The New Lexicon Of The New Testament -- By: B. B. Warfield
BSac 44:173 (Jan 1887) p. 145
The New Lexicon Of The New Testament1
It was as long ago as 1864 that the first announcement was made in the Bibliotheca Sacra (October number, p. 886), of the intention of Professor Thayer, at that time of Andover, to prepare a translation of Grimm’s Latin Lexicon of New Testament Greek, the first edition of which was then in course of publication. Exactly twenty-two years have slipped away while the book was preparing, a second edition of the original (completed in 1879) having appeared in the meanwhile and been made the basis of the translation. This has been a quarter of a century of constant growth in New Testament studies and of unremitting effort on the translator’s part to subsidize the continually increasing material in the interests of his work, which thus took more and more the character not so much of a translation as of a revised, improved, and enlarged edition.
Dr. Grimm’s Lexicon Græco-Latinum in libros Novi Testamenti already stood at the apex of a long development of New Testament Lexicons. The springs of this development may be said to have risen in George Pasor’s Lexicon, which appeared first in 1626, and often afterward up to 1774 (with animadversions by J. F. Fischer). Stock’s Clavis lingæ sanctæ N. T. (1725 up to Fischer’s edition of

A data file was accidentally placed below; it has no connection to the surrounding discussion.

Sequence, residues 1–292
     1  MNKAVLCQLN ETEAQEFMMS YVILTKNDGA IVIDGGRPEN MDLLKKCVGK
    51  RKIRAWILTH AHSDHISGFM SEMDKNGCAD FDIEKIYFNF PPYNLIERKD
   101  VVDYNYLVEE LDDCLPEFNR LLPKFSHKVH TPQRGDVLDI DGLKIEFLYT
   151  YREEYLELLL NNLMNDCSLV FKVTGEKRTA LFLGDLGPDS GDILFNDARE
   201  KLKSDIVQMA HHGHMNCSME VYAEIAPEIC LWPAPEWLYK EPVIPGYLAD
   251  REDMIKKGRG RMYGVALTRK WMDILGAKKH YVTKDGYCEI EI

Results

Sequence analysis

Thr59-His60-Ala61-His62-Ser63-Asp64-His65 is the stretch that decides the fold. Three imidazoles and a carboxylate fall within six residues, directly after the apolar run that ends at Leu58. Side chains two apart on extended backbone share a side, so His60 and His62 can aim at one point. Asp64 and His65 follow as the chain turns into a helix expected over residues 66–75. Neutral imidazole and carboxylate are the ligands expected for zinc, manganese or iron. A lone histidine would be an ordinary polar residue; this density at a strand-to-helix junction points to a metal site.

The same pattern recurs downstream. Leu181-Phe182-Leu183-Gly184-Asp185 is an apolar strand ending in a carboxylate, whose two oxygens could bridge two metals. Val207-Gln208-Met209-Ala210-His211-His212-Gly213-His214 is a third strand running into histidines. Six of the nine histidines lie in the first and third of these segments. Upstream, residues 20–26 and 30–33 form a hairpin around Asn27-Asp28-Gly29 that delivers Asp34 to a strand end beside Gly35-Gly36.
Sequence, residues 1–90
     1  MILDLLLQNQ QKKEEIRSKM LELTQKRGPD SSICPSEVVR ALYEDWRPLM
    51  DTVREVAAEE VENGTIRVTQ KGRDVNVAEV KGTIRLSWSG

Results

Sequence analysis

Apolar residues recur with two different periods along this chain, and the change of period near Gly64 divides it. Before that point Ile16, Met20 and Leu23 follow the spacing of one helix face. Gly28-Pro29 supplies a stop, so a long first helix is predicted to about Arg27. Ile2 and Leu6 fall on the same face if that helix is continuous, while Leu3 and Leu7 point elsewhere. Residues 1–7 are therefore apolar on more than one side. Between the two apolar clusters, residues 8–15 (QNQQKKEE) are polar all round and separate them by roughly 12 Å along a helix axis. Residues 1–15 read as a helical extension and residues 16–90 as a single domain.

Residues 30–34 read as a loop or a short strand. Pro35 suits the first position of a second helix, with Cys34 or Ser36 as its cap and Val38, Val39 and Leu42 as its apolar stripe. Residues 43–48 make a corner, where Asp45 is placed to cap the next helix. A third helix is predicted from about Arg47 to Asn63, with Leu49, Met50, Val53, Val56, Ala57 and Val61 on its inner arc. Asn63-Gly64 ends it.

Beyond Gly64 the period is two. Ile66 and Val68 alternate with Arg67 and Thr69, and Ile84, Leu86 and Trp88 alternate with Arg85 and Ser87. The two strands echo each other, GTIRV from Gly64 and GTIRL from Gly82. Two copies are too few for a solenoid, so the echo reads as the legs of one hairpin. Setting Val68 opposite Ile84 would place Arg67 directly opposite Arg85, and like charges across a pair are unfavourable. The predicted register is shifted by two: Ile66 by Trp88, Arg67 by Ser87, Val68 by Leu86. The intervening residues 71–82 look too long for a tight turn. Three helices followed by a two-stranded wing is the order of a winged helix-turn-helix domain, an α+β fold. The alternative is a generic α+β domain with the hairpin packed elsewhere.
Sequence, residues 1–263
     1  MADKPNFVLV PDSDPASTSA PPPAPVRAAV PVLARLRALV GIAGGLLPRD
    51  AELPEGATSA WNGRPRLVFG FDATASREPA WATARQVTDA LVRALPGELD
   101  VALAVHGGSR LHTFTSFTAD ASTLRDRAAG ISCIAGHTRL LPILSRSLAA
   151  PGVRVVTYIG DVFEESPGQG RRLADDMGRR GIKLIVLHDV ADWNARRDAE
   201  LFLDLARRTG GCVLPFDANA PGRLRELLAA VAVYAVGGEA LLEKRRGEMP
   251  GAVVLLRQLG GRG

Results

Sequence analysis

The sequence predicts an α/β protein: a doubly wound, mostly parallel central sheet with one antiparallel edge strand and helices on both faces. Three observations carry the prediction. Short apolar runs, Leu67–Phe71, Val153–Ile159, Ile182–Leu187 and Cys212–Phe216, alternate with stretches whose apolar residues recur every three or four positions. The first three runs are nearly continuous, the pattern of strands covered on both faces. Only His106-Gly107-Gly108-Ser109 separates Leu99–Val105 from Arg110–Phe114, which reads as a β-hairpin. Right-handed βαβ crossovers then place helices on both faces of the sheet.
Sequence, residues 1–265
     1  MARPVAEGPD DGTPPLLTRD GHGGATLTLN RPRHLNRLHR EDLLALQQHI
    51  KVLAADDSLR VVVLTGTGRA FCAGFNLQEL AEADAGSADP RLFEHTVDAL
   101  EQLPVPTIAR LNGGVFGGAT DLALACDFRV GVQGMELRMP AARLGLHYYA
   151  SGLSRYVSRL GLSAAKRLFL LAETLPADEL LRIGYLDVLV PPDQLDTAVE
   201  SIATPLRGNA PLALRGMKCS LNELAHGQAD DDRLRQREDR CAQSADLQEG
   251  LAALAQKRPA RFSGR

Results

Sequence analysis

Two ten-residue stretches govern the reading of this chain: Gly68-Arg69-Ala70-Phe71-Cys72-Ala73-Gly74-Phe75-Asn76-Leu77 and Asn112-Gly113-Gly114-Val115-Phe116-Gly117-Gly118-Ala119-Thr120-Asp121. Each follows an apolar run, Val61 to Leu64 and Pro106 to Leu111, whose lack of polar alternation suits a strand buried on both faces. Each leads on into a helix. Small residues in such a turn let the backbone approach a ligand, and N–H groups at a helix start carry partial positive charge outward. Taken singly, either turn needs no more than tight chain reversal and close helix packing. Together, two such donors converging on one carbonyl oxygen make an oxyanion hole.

BSac 44:173 (Jan 1887) p. 146
1752), and Schöttgen’s Novum Lexicon Græco-Latinum in N. T. (1746, enlarged by Krebs, 1765, and by Spohn, 1790), together with Fischer’s Prolusiones (1799) may be accounted affluents of the stream, which became a river in the first great work in this department, J. Friedr. Schleusner’s Novum Lexicon Græco-Latinum in N. T, which appeared at the end of the last century (1792). Schleusner’s position at the close of the long discussion as to the nature of Hellenistic Greek placed all the materials that had been gathered throughout that contest within his reach, and he embodied them with liberal hand in his book, thus collecting a vast mass of undigested matter for the use of his successors. It almost at once displaced all previous Lexicons, and passed through four editions (1792 to 1819) before it was itself supplanted by the better arranged and digested works of Wahl (Clavis N. T. philologica, etc., 1819), whose strength was given to the investigation of the classical usage of the New Testament words, and Bretschneider (Lexicon Manuale Græco-Latinum in libros N. T.,1824), who performed a similar service for the Hellenistic usage. These two really meritorious works held the ground in a series of three parallel editions (the third of each falling respectively in 1843 and 1840) unt...
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